Then, at time t5, when the operation of controlling the transfer allocation ratio is activated next time, the determination of No is made at step S13 in FIG. 4 because the traffic volume has decreased, and accordingly, control proceeds to step S15, and the transfer allocation ratio between the relay interfaces is varied in the opposite direction to that in which the transfer allocation ratio was varied the last time (i.e., at time t4). In the example as illustrated in FIGS. 5B to 5C, the percentage of the frames allocated to the relay IF-A is increased to 70%, while the percentage of the frames allocated to the relay IF-B is decreased to 30%.

Note that, if the transfer allocation ratio has been increased and decreased alternately for longer than a predetermined period of time as a result of the above control operation, it may be determined that the optimum traffic has been achieved, i.e., the determination of Yes may be made at step S12 in FIG. 4, so that the control operation is finished without further varying the transfer allocation ratio.

According to the above-described embodiment of the present invention, in the communication apparatus (i.e., the communication interface coupling apparatus) that has a plurality of relay interfaces whose communication quality is not necessarily steady, it is possible to determine the appropriate path to which the data should be transmitted more easily, i.e., only by acquiring the traffic information concerning the primary communication interface without the need to detect the traffic information concerning the plurality of physical interfaces (i.e., the relay communication interfaces) individually, in order to secure higher communication quality. This will lead to an increase in end-to-end throughput.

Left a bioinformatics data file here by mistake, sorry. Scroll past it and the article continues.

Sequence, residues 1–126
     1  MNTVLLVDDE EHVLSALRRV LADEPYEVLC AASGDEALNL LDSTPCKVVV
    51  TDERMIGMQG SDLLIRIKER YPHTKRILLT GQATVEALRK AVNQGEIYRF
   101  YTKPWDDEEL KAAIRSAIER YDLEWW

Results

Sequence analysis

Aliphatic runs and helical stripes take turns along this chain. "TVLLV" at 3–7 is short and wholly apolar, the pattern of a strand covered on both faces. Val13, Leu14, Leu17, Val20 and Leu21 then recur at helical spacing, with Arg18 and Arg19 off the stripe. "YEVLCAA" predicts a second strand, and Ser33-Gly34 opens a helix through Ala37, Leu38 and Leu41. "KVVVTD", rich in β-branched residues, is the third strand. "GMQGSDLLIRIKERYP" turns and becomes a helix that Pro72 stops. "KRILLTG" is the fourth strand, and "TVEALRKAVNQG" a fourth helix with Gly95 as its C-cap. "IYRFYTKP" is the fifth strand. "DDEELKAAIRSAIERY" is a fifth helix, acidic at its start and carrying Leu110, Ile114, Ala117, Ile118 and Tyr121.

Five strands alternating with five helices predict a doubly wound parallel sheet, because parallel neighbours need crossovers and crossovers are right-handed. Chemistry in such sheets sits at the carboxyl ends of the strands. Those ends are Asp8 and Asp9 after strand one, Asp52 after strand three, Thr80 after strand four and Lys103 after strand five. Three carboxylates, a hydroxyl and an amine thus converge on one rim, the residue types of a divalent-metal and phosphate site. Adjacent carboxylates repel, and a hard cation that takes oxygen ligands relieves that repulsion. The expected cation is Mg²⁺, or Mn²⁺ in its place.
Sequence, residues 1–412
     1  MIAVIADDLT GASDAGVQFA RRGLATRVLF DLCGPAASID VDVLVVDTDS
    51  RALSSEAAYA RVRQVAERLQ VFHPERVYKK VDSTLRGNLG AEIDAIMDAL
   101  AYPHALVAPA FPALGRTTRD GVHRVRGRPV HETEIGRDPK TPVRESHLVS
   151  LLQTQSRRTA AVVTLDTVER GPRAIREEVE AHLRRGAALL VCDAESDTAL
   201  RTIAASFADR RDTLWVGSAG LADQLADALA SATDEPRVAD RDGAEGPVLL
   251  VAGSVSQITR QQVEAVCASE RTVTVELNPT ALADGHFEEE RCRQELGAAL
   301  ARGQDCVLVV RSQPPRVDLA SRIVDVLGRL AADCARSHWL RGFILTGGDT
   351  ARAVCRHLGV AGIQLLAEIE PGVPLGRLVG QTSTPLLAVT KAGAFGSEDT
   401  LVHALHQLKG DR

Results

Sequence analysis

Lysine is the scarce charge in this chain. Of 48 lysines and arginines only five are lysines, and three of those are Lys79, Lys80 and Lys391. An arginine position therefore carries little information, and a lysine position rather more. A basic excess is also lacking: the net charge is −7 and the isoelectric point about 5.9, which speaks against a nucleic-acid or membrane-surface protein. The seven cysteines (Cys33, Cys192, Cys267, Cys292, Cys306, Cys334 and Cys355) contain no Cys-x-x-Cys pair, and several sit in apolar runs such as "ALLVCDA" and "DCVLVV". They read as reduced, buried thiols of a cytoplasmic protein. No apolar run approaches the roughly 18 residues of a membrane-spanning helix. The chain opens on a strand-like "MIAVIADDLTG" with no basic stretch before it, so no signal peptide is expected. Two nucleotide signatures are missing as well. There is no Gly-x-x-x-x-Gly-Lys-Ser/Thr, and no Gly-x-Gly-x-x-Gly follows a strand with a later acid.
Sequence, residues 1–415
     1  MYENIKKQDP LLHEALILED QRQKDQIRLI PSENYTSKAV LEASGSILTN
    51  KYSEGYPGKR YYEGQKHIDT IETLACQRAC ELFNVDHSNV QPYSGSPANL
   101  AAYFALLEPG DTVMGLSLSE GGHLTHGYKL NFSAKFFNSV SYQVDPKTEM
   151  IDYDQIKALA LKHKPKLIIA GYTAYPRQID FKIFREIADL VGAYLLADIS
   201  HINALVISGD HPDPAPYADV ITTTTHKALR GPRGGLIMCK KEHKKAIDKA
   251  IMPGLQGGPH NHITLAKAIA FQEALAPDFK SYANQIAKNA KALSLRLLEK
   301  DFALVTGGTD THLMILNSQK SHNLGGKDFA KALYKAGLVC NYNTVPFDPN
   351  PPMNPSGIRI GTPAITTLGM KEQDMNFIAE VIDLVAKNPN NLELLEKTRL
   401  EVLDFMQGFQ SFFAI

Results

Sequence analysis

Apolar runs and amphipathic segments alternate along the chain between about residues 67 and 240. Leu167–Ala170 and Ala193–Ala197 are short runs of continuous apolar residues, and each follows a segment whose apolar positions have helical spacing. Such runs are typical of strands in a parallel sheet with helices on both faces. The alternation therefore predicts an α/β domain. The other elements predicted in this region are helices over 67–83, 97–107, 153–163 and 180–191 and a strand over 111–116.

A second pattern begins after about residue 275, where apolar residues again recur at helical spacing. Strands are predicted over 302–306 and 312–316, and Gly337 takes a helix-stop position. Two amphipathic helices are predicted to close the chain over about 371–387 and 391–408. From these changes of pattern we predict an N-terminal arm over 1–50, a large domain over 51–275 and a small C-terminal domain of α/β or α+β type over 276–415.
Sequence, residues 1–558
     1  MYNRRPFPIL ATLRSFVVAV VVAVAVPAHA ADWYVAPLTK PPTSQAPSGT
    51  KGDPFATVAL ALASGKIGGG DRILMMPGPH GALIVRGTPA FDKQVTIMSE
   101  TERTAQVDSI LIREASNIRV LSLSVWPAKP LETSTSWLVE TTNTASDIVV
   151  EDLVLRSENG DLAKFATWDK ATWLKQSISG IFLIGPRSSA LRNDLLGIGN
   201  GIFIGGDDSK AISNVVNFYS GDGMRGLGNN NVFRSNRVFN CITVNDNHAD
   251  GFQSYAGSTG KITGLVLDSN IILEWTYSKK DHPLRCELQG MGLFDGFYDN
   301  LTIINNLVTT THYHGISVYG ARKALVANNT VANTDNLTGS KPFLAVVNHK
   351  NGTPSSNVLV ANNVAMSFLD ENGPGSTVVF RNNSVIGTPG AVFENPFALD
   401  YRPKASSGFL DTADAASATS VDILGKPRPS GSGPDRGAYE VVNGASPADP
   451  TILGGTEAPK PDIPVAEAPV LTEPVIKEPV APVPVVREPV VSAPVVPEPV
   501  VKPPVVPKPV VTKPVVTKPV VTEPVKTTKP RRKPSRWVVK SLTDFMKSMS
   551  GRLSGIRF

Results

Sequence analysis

Next, another example of the control of the frame transfer allocation ratio based on the traffic information will now be described below. In this example, the size of the frames (packets) is used. That is, as the traffic information concerning the primary communication interface (i.e., the primary IF), the size of the communication frames (packets) is acquired, and the transfer allocation ratio is controlled in accordance with the size of the frames as detected. Specifically, a table is prepared in which a plurality of transfer allocation ratios between the two relay interfaces are set so as to be associated with communication frame sizes, and the transfer allocation ratio is controlled in accordance with the size of the frames supplied from the primary communication interface (i.e., the primary IF) with reference to the table. The plurality of transfer allocation ratios associated with the frame sizes as set in the table are as follows, for example:

    • Frame sizes of 1 to 100 bytes 1:1